It’s been such a quiet day today. Jae got her driver’s license 10 days ago and since has been driving herself to work, errands, and once to one of her classes at Foothills. But today is the first chance I’ve had to feel the benefits of her newfound freedom.
Last week we were busy with Thanksgiving, followed by a busy weekend. This week I have taken Jae to her Monday and Thursday college classes (don’t want her parking in the distant lots and walking by herself). Tuesday I spent the day with Amy first taking her to a doctor appt for a sprained right ankle. We got out of the doctor’s near lunch time so we called Dave and he met us at SubMarina. After lunch Amy and I ran some errands, finishing just in time to pick Kirstie and Kyle up from school.
Wednesday found me with Robyn at an oral surgeon’s office at the Kaiser facility in San Diego.

Today was the first chance I’ve had to take a breath! Here it is December, four months into the school year and I am just starting to get serious about Robyn’s schooling. This morning I was able to get her lessons planned for the next four weeks and staring Monday we can get on track. I’m so grateful for Jim’s patience with me so far this year. As our overseeing teacher he is usually hounding me about Robyn’s monthly study logs every time I see him, teasing me even when I’m not late.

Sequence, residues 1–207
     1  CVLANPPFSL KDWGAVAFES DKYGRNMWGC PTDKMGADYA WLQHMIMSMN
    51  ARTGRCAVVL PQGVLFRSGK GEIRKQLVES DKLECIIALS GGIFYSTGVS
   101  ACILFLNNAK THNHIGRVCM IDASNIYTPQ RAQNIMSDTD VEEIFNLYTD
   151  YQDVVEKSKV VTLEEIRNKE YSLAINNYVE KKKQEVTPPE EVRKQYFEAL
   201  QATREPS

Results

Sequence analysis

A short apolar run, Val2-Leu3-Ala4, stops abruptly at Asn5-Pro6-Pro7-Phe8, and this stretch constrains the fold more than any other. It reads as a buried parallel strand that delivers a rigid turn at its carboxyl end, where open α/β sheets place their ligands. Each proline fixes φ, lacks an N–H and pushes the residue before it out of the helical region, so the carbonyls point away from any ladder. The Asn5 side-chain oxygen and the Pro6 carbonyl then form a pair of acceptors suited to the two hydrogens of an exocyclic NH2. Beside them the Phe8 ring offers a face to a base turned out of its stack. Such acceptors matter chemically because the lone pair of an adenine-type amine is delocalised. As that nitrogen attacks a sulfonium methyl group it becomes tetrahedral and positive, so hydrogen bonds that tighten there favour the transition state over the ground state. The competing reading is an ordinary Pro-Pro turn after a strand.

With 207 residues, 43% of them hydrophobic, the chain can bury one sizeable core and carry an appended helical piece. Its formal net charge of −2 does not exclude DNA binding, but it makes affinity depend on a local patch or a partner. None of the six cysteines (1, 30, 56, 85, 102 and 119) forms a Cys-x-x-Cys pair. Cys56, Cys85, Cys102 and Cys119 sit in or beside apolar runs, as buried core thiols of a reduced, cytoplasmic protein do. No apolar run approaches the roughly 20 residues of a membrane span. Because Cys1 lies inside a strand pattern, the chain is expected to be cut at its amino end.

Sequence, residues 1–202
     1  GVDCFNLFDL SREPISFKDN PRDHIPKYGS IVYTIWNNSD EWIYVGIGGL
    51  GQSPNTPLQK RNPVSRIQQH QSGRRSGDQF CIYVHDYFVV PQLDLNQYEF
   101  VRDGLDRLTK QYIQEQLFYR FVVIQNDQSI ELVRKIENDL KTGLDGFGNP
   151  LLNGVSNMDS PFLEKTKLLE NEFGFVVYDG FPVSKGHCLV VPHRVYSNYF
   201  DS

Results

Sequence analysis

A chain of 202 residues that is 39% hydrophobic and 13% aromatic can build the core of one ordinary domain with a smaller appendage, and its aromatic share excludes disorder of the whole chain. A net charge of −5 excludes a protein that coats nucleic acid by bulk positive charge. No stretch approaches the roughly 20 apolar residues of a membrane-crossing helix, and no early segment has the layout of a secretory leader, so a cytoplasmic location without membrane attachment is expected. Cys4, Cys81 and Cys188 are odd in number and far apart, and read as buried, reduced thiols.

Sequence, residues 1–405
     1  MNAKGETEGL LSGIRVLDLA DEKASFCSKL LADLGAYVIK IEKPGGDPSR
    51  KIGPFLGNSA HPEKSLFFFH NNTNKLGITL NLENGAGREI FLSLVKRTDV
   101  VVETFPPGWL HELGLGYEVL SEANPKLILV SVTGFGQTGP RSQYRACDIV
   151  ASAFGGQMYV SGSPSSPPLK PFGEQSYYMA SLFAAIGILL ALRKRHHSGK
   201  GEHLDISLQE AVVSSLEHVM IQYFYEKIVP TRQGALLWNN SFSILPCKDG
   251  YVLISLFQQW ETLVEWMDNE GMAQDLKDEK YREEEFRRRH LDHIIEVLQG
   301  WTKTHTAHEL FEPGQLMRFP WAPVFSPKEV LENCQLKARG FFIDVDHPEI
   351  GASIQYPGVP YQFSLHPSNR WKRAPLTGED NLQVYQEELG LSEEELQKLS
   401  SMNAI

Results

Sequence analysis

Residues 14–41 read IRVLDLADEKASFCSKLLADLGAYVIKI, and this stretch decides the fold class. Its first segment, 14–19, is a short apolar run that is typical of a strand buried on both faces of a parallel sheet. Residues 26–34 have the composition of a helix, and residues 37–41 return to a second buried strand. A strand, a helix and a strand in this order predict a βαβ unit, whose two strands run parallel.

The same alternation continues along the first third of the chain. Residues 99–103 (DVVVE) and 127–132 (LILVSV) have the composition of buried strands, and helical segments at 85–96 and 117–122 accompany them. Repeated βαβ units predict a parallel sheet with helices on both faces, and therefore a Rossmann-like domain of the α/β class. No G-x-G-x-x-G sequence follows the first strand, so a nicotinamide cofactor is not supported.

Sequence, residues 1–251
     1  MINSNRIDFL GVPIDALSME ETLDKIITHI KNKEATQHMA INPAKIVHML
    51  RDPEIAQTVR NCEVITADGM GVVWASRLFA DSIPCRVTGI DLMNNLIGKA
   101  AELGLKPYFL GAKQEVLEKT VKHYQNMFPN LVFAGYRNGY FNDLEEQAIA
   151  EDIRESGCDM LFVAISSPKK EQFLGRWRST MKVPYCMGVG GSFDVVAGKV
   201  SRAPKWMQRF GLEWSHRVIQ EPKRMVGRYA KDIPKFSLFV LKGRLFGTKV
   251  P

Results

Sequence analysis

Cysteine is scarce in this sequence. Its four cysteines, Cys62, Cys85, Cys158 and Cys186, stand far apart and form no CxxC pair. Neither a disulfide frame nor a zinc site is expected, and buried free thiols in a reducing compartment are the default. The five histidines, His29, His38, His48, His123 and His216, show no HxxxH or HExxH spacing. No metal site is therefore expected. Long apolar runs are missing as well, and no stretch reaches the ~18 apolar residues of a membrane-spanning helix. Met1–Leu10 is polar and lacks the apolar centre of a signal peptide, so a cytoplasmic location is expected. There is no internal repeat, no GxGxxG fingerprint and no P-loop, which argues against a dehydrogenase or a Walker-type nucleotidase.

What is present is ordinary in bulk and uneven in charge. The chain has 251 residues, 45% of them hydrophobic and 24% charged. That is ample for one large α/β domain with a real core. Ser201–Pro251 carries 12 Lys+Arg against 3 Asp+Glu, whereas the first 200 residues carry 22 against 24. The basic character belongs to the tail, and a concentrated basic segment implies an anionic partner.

This year I just haven’t had the energy or presence of mind to get her lesson plans in order or to grab her and sit her down at the table to get the work done every day. She has had a lot of alternative schooling thanks to the workshops offered by the school and from watching the History and Discovery Channels.

It looks like it’s going to be a tough school year.

December 4, 2003

// May 18th, 2010 // No Comments » // From the forthcoming book "Losing Steve: One Mother's Journey Through Grief"

I woke up a few days ago feeling really good. I had that light sense of well being floating through me. Then suddenly a veil dropped over my good spirits. It’s like a veil of tears has taken up residence just under my skin.